The Princess Bride is famous for its spectacular fencing battle scene. Neither Cary Elwes or Mandy Patinkin had any background in sword fighting, and had to undergo many weeks of intensive training to prepare for the demanding scene. Many of the crew involved in teaching them believed that the sword fights would have to be shot very strategically, in order to allow for stuntmen to swap in for the difficult manouvers.
However, Elwes and Patinkin proved everybody wrong, training relentlessly and soon mastering their choreography. The result was that the difficult and fast-paced cliffside fight between the two characters was done entirely by the actors themselves. The only moment performed by a stuntman is when the masked Westley does a loop-the-loop before swinging off a bar.
15. André the Giant took a week off filming to drive to France for snacks
When you’re an actor, the budget of a movie can influence your on-set experience in a number of different ways. It can affect how nice your sleeping arrangements are, how rushed and chaotic your on-set days are and, most importantly, it can affect the quality of the food. André the Giant, who was famous for enjoying his food and drink (and lots of it), was far from satisfied with the catering on The Princess Bride.
André was so upset with the lack of good food on-set, that he informed the director that he would be pausing filming for a whole week. During that week, André drove to France by himself, in order to pick up an enormous amount of food for himself and his cast mates to snack on through the rest of production.
14. Mandy Patinkin accidentally stabbed Christopher Guest
One of the most pivotal moments in the whole of The Princess Bride is the confrontation between Inigo and Count Rugen. Mandy Patinkin and Christopher Guest had to train extensively for the fight, learning real fencing techniques in order to allow for a margin of improvising. However, after learning all the blocking and steps, Guest told the man in charge of his training that he would be abandoning a lot of the steps he had learned.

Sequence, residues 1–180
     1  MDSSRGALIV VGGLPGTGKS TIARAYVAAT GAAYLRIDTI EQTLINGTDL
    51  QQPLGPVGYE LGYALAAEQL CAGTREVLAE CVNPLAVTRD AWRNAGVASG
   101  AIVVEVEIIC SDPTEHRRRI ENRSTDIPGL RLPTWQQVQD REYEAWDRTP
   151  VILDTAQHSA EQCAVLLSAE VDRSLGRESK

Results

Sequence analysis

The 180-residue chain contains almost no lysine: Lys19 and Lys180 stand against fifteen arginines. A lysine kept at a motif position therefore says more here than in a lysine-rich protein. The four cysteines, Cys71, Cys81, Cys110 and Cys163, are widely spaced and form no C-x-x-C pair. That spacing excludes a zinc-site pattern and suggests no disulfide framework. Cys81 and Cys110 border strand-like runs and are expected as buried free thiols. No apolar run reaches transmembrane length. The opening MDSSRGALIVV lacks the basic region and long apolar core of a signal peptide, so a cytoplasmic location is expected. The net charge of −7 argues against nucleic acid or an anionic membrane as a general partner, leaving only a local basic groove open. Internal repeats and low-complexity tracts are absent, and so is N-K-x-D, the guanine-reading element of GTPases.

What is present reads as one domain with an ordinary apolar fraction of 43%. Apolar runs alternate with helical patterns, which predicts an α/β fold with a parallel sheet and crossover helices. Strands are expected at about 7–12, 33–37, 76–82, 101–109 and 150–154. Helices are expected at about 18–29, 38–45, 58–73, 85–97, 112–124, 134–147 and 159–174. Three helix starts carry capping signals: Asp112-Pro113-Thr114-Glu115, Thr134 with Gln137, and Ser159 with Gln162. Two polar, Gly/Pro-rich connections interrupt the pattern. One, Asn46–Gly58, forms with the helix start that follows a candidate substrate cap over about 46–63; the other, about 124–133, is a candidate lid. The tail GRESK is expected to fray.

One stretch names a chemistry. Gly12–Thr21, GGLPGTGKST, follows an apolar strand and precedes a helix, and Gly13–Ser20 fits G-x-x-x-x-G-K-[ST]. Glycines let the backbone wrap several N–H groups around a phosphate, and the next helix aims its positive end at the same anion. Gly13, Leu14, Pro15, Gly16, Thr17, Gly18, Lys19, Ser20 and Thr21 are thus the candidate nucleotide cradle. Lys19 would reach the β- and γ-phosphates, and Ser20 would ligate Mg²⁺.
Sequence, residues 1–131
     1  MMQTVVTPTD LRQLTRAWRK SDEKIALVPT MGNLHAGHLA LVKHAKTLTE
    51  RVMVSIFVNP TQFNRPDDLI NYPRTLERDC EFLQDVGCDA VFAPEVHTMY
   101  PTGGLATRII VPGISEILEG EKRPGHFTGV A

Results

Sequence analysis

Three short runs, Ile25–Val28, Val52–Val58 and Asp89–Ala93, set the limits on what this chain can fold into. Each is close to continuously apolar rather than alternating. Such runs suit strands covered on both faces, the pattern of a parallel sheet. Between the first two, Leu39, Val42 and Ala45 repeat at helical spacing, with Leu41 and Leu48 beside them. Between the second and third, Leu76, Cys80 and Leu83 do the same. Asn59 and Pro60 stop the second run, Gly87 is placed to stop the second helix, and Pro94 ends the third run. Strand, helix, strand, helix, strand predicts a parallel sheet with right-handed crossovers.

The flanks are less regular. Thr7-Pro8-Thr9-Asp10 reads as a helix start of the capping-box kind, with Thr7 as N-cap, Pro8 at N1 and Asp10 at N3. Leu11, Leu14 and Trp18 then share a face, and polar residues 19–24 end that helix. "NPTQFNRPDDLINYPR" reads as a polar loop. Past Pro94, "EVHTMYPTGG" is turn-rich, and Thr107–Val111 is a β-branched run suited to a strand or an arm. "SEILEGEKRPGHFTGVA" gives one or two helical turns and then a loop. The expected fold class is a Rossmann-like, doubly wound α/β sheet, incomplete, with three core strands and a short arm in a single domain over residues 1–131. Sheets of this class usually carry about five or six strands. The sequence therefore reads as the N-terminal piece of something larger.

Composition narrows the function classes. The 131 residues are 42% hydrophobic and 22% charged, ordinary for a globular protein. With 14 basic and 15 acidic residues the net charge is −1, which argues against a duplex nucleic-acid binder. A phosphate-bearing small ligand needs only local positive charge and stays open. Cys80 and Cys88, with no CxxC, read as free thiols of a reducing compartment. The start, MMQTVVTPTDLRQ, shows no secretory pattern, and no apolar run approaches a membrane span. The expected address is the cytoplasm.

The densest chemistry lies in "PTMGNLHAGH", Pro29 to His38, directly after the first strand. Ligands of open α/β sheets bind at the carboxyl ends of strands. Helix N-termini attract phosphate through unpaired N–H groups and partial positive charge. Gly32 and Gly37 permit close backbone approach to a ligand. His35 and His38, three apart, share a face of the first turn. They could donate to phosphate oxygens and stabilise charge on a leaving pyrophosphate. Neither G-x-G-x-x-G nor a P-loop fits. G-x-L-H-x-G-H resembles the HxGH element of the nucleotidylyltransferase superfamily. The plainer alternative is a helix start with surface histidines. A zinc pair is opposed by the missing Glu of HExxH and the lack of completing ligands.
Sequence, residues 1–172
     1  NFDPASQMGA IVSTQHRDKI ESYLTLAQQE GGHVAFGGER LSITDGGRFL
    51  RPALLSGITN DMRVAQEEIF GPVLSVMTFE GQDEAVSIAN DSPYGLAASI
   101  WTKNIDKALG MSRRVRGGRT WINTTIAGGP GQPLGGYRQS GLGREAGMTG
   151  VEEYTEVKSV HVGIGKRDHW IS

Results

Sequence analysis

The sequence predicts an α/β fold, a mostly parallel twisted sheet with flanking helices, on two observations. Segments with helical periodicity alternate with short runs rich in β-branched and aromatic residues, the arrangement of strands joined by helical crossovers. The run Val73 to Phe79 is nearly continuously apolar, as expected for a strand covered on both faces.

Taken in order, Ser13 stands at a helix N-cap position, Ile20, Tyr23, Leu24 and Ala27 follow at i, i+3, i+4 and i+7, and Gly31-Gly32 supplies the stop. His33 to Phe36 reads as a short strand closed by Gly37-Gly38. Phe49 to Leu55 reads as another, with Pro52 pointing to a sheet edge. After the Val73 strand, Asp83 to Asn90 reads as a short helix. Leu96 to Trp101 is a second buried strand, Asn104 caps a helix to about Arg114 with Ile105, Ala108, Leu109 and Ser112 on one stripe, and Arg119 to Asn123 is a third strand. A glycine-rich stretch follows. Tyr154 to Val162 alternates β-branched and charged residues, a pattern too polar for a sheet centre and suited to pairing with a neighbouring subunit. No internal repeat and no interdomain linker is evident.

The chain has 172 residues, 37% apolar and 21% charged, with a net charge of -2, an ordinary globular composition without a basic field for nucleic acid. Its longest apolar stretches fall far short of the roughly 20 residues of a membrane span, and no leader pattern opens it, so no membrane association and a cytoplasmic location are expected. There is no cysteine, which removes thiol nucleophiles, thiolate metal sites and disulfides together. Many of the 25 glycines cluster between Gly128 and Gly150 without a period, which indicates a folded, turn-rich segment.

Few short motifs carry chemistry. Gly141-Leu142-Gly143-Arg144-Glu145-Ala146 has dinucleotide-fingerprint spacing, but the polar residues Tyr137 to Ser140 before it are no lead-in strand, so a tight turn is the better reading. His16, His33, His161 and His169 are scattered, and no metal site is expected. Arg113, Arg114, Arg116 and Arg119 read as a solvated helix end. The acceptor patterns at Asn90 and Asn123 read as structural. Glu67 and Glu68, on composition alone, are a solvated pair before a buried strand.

Guest argued, “I think he’s going to try to kill me. So all that stuff that I learned, I’m basically throwing out. I’m basically now going to defend myself.” With that outlook, many expected Guest to accidentally injure Patinkin, but things actually played out the opposite way around. Patinkin actually stabbed Guest in the thigh accidentally during their final rehearsal, and of course apologised profusely.
13. Inigo Montoya is Mandy Patinkin’s favourite role of all time
Mandy Patinkin’s performance as Inigo Montoya is perhaps the most passionate and dramatic of the film. The character has become a major fan favourite, and – perhaps unsurprisingly – Patinkin says it is his personal favourite of any role he has ever played. The actor’s connection to Montoya stems partly from the fact that his own father had passed away from cancer before he began shooting the film.
Patinkin motivated himself to give 100% of his effort by imagining that by defeating the Count, he would also defeat the disease that killed his own father. Patinkin remarked of the scene in which he kills Rugen, “for a moment, [my father] was alive. And my fairy tale came true.”
12. The film was originally going to end completely differently
The Princess Bride ends simply, but beautifully. After finishing the story, Peter Falk’s Grandfather stands up to leave – but Fred Savage’s grandson asks him to return and read it again the next day. The grandfather replies “as you wish,” in a clear reference to Westley (who uses those words in lieu of ‘I love you’). It’s the perfect final wink to the audience, but the movie originally had a much more fantastical finale, which would have totally broken the reality of the framing device.
Originally, the grandson would have looked out of the window to see Inigo, Fezzik, Westley and Buttercup sitting outside on white horses, waving and smiling before riding off into the sunset. Reiner has said he is glad he abandoned the idea, but it would have made for a much more whimsical ending.